Do you have close confidants who not only listen to you, but tell it like it is?

blueprintMany times we take this imperfect blueprint of friendship, with all of its flaws, lies, broken trusts, and betrayals and we transpose it onto what we think we know about God.  We think that either God doesn’t listen to us, or perhaps He just doesn’t care that much for us.   We make assumptions that aren’t based upon God at all, but rather on the experiences of our world and those in it.  The truth is that God isn’t from this world, He is out of it, and as a matter of fact, He created this world.  Going even further, God ACTUALLY walked with Adam and Eve at the beginning of all things just to fellowship with them.  He truly cared about them.

Along the way, as you might already know the story, Adam and Eve disobeyed God…and broke His heart.   They were kicked out the garden, and you’d think that He would start to have trust issues with His creation, but instead He made covenant after covenant with the Adam and Eve’s ancestors.  He never stopped trusting and loving them.  As a matter of fact, His trust and love for us went so far as to send His One and Only Son – Jesus into the world to make things right for us…to set the story straight.  He never gave up on us…so much so that Jesus died in our place on the cross.
hold
I don’t know what you’re going through right now, but I do know that God wants to tear down the imperfect blueprint that you might have about Him.  He won’t let go of you, and He has never stopped loving you.  The very, very big God of the Universe, comes down to your level and says “Here I am…and I’m not going anywhere because I love you!”  Perhaps you are very burdened today by the weight of so many hurts and problems.  Maybe it’s time to trust again…no, I don’t mean trusting others just yet, I mean start by trusting God to be there for you.  From this place of trust, healing can begin and He will restore your life and heal your broken heart.  (Psalm 147:3)

Prayer: 
Lord, I don’t know how to trust anymore.
I have been hurt by so many things in life and I feel helpless in this mess.
Thank you for loving me, even when I don’t love myself.  Help me to trust You.  I give you my hurts and my burdens…Lord, just be there for me…I want to trust again.  In Your name -Amen.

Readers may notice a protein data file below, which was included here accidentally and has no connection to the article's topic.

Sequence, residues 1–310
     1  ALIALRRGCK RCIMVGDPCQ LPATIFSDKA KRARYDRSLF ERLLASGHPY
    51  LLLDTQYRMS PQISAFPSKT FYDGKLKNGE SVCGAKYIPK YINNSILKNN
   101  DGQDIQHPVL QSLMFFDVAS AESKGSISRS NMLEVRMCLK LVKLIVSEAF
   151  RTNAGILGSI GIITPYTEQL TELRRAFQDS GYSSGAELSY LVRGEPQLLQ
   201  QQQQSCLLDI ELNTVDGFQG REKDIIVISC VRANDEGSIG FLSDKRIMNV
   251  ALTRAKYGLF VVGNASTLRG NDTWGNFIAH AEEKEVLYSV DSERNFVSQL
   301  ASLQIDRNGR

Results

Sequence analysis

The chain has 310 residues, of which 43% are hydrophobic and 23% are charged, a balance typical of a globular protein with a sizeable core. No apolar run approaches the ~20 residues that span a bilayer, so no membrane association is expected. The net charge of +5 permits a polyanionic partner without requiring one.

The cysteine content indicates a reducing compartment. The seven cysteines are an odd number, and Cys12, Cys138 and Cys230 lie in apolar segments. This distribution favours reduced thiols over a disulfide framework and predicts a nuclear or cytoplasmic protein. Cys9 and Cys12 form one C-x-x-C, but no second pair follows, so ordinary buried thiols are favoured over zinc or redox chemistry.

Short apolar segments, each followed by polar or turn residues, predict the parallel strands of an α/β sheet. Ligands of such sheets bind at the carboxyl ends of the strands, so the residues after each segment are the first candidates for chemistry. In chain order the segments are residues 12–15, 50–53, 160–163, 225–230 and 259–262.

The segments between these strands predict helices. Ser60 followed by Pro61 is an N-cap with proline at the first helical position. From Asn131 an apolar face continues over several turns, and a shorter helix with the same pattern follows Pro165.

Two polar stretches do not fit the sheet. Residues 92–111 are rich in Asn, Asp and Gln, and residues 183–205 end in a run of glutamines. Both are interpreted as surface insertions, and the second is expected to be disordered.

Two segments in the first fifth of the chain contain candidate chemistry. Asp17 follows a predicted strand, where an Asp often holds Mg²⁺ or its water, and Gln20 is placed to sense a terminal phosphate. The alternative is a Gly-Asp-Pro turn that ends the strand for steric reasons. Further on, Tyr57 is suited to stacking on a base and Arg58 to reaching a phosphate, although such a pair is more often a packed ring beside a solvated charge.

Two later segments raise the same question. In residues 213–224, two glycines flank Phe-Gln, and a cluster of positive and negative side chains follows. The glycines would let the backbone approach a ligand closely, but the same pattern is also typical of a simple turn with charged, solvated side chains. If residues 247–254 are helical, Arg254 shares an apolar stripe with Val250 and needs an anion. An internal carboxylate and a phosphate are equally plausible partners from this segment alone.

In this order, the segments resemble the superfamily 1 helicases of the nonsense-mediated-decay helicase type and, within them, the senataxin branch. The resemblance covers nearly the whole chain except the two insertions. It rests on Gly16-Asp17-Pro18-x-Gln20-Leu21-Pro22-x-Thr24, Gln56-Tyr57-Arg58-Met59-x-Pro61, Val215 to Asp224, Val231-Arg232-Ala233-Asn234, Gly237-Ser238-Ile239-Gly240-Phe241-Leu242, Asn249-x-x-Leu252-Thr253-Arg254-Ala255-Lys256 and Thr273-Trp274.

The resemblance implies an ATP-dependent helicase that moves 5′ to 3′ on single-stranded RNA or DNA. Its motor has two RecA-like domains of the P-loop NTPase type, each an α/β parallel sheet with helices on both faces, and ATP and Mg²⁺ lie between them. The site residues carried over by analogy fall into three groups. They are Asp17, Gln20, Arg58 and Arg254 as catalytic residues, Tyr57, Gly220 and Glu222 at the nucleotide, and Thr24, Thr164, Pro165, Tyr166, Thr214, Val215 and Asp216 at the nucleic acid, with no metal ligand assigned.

Something more for you to ponder today.
God Bless you!

What Are YOU Waiting For?

Saul got up from the ground, but when he opened his eyes he could see nothing. So they led him by the hand into Damascus. For three days he was blind, and did not eat or drink anything.” Acts 9:8-9

We probably know the story.
Saul was a Pharisee, who lived out his religious convictions by punishing members of “The Way”.  He was a devout Jew, and was very popular amongst his peers.  He did what he thought was right…he did what he perceived to be God’s will.  But he was wrong.  On his to Damascus, God intervened.  His truth was the light that blinded Saul but it also seared his heart.  A divine course correction took place, and the person known as Saul died on that road.  No, he didn’t die physically, but the road marked out the conclusion of that identity, that mission, that chapter.  To many of his devout followers, he would be dead in their eyes for he was set on a new path by God, that of which they could neither follow or believe in.

Those with whom Saul traveled with led this now blind man into the city of Damascus where we waited, and waited, and waited some more.  Whole sermons and sermon series’ have been preached on with this story – mostly focused on that road and God’s intervention and even Ananias when he arrives…but what about the waiting period between the two chapters?  What happened within the span of those three days?  I believe the soul searching that took place with this blind man once named Saul is just as important and has a lot to teach us.  This is not necessarily reading between the lines of the text, this is merely speculating, extrapolating and mulling over this human metamorphosis.  A blind man named Saul – Christian persecutor and sometimes executor went into Damascus, a transformed man on a mission named Paul exited that city with divine purpose, intent and a new found passion in life.

BUT…
What happened in those 3 days between blindness and commission?
What changes transpired there?
Is there something teachable in this narrative for you and for me?
I believe there is, so please allow me to share this with you now.
waiting3
“METAMORPHOSIS” 
3 Lessons from 3 Days of Blindness

1st Lesson:  Sometimes Spiritual Correction Hurts and We Must Do Some Deep Soul Searching
Saul thought he was doing what God wanted him to do.
He was fighting for and defending his faith…but he was, in fact, persecuting Christ.  He had passionately taken up his cause with vim and vigor and knew he was in the right…then God turned his whole world upside down.  He was confronted with his own failures…he was confronted with his own mistakes, and it must have hurt.  Saul spends three days of blindness not eating and drinking.  It is a sobering response to the Theophany he had just experienced.  Within the words of Jesus, there was a course correction and for three days Saul had to have replayed that scene over and over in his head.  He must have prayed and fasted.  He must have explored every action that had led him to this place, like a movie playing in his head for three long days.